Array files have to be nobody:users.

Actually they can be any user or group.  But the world permission should be "7"

 

ie: chmod 0777 -R /path/to/folder

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I suppose I'm getting a bit off the original topic though. I solved the symlink to make qemu components persistent. I'm really just planning a backup script at this point.

 

So, I'm not a little confused about permissions. But I'm not the best with linux permissions to start with. Does unraid use its own layer on top of the standard linux permissions?

 

20 hours ago, BobPhoenix said:

OK I thought you said you were having problems copying them.  To access them over SMB you need to set the permissions appropriately in your script that copies them.  Array files have to be nobody:users.  I would tell you to use new permissions but that is for drives in the array and the cache.

I did chown (with -R or whatever recursive option is) nobody and I believe nobody:users. The permissions from ls -l looked the same for the other files in the directory aside from the owner. IIRC I still had the problem so wasn't sure what was going on at that point. One related issue was that I noticed the permissions wouldn't "stick" since creation of a new .save file was done by root and set the permissions to root again.

 

20 hours ago, itimpi said:

Actually if you are using a script then you can use

 

newperms path

 

against any valid path (including ones set up by the UD plugin) and it will work just fine.

 

I'll try that. Googling it's a custom script for fixing permissions included with unraid.

 

20 hours ago, Squid said:

Actually they can be any user or group.  But the world permission should be "7"

 

ie: chmod 0777 -R /path/to/folder

Yeah, I noticed a file I plopped in there manually through smb a connection had my user name instead of nobody.

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scorcho99, did you manage to make this work? I want to change the Hibernate button to Saved state. That way I can just start the VM and get back to my work straight away...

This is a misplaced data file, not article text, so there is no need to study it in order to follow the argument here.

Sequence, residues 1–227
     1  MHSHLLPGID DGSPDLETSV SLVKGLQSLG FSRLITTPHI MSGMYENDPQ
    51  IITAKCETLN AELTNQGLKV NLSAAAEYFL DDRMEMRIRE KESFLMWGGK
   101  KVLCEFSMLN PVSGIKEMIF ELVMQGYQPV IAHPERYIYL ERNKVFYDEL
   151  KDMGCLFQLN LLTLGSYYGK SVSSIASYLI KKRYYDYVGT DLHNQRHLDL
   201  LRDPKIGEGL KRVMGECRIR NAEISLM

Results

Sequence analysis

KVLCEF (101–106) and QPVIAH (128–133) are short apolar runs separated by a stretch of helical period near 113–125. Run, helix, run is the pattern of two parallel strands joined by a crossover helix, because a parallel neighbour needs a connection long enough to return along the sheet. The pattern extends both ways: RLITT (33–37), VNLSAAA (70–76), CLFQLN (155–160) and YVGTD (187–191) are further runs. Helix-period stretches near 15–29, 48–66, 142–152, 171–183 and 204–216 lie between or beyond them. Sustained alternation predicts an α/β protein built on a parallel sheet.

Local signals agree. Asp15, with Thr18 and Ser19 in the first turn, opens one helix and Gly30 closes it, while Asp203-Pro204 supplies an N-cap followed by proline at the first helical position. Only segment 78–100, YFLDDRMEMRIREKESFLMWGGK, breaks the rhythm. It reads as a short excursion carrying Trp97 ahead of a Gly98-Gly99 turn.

Is there a way to change how the default setting works?

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On 1/28/2019 at 2:13 AM, munchies2x said:

scorcho99, did you manage to make this work? I want to change the Hibernate button to Saved state. That way I can just start the VM and get back to my work straight away...

 

Is there a way to change how the default setting works?

Pretty old post, sorry I don't check these forums to often. Its possible that script is kind of buggy and I've updated it but I believe it at least mostly worked.

 

This has been working well for me for quite awhile. I'm not sure about the hibernate button, but through virt-manager and I believe some scripts I use for backups I can trigger the save of the VM state to disk. IIRC its similar to a guest driven hibernate but not quite the same. I vaguely remember giving up on guest driven hibernate/save for some reason or other. The guest time will be incorrect upon restore of the vm save state, but it corrects itself within a minute or two probably due to NTP time server.

 

One gotcha I recall: snapshots would not work with UEFI based VMs. There was some bug or limitation in how nvram states were stored that prevent it from working and last time I checked no one had fixed it. This didn't bother me, I just run everything with seabios.

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Some one reported some issues with the script I wrote in another thread. I pulled the one I've been using off the server and I think it corrected the bug. No warranties on this, I wouldn't say I'm a bash expert. Note: LVSAVEDIR and LVSNAPSHOTDIR are probably different on your machine so change those to what you want.

 

# S00slqemu.sh

#!/bin/bash
# stops libvirt and moves the save and snapshot folders creating a symlink to them
#

LVSAVEDIR=/mnt/cache/VMs/qemu_nv/save
LVSNAPSHOTDIR=/mnt/cache/VMs/qemu_nv/snapshot

if [ -f /var/run/libvirt/libvirtd.pid ];then
    /etc/rc.d/rc.libvirt stop
fi

if [ $LVSAVEDIR != "/var/lib/libvirt/qemu/save" ];then
    if [ ! -L /var/lib/libvirt/qemu/save ];then
        if [ ! -e $LVSAVEDIR ];then
            if [ ! -e /var/lib/libvirt/qemu/save ];then
                mkdir $LVSAVEDIR
            else
                mv /var/lib/libvirt/qemu/save $LVSAVEDIR
            fi
        else
            rm -r /var/lib/libvirt/qemu/save
        fi                
    fi    
    ln -s $LVSAVEDIR /var/lib/libvirt/qemu/save
fi

if [ $LVSNAPSHOTDIR != "/var/lib/libvirt/qemu/snapshot" ];then
    if [ ! -L /var/lib/libvirt/qemu/snapshot ];then
        if [ ! -e $LVSNAPSHOTDIR ];then
            if [ ! -e /var/lib/libvirt/qemu/shapshot ];then
                mkdir $LVSNAPSHOTDIR
            else
                mv /var/lib/libvirt/qemu/snapshot $LVSNAPSHOTDIR
            fi
        else
            rm -r /var/lib/libvirt/qemu/snapshot
        fi                
    fi    
    ln -s $LVSNAPSHOTDIR /var/lib/libvirt/qemu/snapshot
fi

/etc/rc.d/rc.libvirt start